Named for their chirpy mating call, Piping Plovers Charadrius melodus are a short and stocky species of shorebird that blend in very well on sandy beaches. These birds are built to hide in plain sight. Their coloration and small size makes it very difficult for predators such as foxes to detect these animals on the beach. Their eggs are also sand-colored, almost invisible to the naked eye without proper training. Piping Plovers spend their days running around at the shoreline of sandy beaches, feeding on small insects and crustaceans. They prefer to scurry across the sand rather than take flight.
These Plovers forage for invertebrates within 16 feet of the water’s edge. They peck and probe into the soft ground for marine worms, small crustaceans, flies, water beetles, snails, and roundworms among others.
Piping Plovers spend their Winters in the Southeast US, Mexico, and Caribbean, where they can escape the cold and juveniles can grow. During the Spring and Summer, the plovers migrate to the Northeast United States, Great Lakes, and Canada to breed on the sandy shorelines there. These shorebirds lay 4 eggs on their first attempt, and if their nest fails (they have to abandon it because of predators, tides, etc) they will lay a second nest of 3 eggs. To defend their chicks, adult piping plovers will pretend to display a ‘broken wing’ when predators are nearby in an attempt to draw them away from their chicks.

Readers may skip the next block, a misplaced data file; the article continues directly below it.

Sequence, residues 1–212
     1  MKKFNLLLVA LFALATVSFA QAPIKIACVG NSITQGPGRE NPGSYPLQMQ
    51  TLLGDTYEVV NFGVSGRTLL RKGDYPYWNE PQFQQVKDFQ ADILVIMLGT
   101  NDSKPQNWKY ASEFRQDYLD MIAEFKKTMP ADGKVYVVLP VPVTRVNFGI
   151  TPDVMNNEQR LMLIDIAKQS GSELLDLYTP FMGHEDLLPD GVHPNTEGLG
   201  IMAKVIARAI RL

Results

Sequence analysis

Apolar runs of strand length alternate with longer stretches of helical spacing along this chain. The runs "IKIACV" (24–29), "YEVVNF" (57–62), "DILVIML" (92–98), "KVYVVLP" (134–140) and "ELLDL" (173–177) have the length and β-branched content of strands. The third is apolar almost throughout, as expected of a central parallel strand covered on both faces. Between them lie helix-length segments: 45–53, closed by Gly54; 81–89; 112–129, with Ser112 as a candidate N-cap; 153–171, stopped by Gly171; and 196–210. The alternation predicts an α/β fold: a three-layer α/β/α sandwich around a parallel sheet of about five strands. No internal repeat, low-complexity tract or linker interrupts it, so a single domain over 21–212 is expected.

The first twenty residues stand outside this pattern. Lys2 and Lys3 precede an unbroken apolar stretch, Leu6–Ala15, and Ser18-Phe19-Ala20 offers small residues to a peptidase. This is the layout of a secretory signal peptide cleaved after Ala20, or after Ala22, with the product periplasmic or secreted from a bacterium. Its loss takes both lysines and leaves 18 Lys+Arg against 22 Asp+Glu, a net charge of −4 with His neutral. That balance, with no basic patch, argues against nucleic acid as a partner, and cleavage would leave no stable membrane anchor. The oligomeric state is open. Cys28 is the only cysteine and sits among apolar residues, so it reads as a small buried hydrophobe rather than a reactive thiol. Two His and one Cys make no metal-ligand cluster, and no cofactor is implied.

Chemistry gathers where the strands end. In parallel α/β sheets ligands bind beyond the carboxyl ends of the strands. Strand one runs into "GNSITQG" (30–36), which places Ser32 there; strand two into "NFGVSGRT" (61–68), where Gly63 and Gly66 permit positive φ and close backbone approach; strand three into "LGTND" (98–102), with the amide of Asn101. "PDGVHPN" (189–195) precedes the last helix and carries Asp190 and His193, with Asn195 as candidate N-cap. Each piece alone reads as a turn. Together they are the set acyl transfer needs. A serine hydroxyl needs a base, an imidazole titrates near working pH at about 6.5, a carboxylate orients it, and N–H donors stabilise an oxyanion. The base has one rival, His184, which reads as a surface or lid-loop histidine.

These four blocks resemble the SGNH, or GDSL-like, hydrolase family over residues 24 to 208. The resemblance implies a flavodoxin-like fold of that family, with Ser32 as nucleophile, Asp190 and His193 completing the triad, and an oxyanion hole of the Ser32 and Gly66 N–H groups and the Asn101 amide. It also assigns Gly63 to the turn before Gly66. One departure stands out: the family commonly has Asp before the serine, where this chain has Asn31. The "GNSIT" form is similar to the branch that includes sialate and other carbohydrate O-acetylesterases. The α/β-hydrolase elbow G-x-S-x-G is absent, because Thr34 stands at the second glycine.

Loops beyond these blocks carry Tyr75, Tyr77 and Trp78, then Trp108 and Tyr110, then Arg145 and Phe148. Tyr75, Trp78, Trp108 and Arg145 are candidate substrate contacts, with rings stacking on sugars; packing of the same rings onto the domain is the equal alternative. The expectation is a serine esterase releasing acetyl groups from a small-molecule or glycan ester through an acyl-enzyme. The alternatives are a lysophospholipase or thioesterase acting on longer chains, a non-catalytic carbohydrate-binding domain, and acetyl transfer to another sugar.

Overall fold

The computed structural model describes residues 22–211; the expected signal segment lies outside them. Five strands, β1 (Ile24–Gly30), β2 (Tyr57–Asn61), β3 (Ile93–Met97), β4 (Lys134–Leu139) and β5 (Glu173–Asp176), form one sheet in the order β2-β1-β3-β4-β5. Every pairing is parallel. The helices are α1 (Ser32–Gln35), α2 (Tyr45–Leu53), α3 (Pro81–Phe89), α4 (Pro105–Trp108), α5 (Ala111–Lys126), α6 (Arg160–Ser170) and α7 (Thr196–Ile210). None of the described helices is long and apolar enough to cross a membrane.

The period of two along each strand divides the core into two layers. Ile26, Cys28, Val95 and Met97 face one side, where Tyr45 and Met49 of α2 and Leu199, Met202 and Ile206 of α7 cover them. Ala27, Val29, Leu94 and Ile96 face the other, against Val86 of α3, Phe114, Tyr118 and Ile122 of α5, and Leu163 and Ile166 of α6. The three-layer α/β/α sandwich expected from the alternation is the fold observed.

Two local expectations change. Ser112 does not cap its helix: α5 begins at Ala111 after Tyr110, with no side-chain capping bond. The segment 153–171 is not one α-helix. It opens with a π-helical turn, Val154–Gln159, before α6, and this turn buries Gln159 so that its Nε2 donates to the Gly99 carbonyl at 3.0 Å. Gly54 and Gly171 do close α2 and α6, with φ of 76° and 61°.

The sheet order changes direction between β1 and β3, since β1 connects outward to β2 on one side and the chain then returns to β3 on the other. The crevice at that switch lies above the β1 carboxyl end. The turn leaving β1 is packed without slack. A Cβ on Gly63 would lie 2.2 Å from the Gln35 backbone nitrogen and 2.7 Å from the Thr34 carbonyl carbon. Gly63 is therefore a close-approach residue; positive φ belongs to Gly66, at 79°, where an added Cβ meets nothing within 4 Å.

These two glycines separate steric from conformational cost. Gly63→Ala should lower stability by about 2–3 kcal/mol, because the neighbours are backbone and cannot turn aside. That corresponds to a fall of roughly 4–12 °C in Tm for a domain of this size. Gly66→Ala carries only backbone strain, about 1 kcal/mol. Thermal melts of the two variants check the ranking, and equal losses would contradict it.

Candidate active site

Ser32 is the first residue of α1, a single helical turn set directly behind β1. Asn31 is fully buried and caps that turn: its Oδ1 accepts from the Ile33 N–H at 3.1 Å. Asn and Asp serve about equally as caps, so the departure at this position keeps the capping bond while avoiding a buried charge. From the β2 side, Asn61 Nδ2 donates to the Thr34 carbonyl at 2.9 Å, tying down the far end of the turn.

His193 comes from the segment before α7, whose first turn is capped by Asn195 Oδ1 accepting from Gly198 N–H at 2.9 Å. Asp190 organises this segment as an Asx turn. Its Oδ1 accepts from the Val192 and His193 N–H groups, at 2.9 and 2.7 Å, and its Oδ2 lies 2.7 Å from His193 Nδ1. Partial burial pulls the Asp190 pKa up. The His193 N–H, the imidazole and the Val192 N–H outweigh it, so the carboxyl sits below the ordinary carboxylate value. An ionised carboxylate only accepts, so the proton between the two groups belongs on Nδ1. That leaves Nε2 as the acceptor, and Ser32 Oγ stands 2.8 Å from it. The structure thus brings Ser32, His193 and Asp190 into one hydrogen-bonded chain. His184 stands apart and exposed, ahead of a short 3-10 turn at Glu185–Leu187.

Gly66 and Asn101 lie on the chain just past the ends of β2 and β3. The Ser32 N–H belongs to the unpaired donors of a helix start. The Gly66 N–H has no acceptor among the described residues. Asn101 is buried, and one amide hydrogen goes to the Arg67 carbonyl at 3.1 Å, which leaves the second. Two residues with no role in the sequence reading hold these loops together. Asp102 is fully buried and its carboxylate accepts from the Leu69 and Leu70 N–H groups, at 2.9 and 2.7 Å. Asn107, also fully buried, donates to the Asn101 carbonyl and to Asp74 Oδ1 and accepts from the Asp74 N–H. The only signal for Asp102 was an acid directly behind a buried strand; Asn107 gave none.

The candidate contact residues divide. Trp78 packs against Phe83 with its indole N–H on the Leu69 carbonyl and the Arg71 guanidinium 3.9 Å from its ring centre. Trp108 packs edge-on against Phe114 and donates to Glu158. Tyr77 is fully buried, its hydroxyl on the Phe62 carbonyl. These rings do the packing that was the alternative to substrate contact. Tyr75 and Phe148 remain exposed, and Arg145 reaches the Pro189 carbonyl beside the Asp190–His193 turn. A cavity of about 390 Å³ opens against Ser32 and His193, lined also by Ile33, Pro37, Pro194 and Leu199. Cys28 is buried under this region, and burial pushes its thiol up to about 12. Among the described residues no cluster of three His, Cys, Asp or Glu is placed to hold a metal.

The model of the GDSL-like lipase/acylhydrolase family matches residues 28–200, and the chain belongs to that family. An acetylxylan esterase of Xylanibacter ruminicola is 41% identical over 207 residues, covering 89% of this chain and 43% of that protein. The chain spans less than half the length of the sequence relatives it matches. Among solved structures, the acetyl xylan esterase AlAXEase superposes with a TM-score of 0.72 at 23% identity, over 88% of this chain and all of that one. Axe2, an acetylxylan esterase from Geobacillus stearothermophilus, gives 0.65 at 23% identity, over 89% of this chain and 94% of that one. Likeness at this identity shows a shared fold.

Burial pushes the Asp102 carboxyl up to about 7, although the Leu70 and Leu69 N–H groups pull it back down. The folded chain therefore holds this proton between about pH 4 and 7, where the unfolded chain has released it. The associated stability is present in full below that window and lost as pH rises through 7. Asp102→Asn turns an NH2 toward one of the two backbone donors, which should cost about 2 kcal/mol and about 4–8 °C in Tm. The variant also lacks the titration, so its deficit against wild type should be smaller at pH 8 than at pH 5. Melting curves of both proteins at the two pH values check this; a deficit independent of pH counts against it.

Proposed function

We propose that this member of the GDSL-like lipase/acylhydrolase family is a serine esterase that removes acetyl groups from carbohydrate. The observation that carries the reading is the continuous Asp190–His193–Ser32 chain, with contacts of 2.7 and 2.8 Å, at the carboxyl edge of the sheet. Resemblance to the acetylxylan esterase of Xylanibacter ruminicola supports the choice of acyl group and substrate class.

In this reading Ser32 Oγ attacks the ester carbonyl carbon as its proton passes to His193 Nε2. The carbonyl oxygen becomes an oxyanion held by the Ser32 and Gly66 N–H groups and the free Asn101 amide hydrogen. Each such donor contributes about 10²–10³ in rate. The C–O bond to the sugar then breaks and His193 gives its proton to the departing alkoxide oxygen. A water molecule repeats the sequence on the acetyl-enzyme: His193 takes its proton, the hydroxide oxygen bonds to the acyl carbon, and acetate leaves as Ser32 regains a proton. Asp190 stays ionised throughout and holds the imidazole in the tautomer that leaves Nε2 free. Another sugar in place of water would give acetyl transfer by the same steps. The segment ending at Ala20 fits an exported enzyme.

Piping Plovers are listed by the IUCN Red List as Near Threatened by the IUCN Red List, because they are threatened by a cocktail of human influences. Drought, inappropriate water and beach management, gas / oil industry dredging operations, development, shoreline stabilisation and beach disturbance (including cat and dog predation, and possibly that from native avian species and ghost crabs) are all key threats.